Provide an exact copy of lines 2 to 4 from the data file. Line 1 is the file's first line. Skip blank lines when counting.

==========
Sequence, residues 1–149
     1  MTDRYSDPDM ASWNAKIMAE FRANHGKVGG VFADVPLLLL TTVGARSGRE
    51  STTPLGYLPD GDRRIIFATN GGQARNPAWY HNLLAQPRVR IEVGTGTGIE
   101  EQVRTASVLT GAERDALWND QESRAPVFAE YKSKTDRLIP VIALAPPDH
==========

     1  MTDRYSDPDM ASWNAKIMAE FRANHGKVGG VFADVPLLLL TTVGARSGRE
    51  STTPLGYLPD GDRRIIFATN GGQARNPAWY HNLLAQPRVR IEVGTGTGIE
   101  EQVRTASVLT GAERDALWND QESRAPVFAE YKSKTDRLIP VIALAPPDH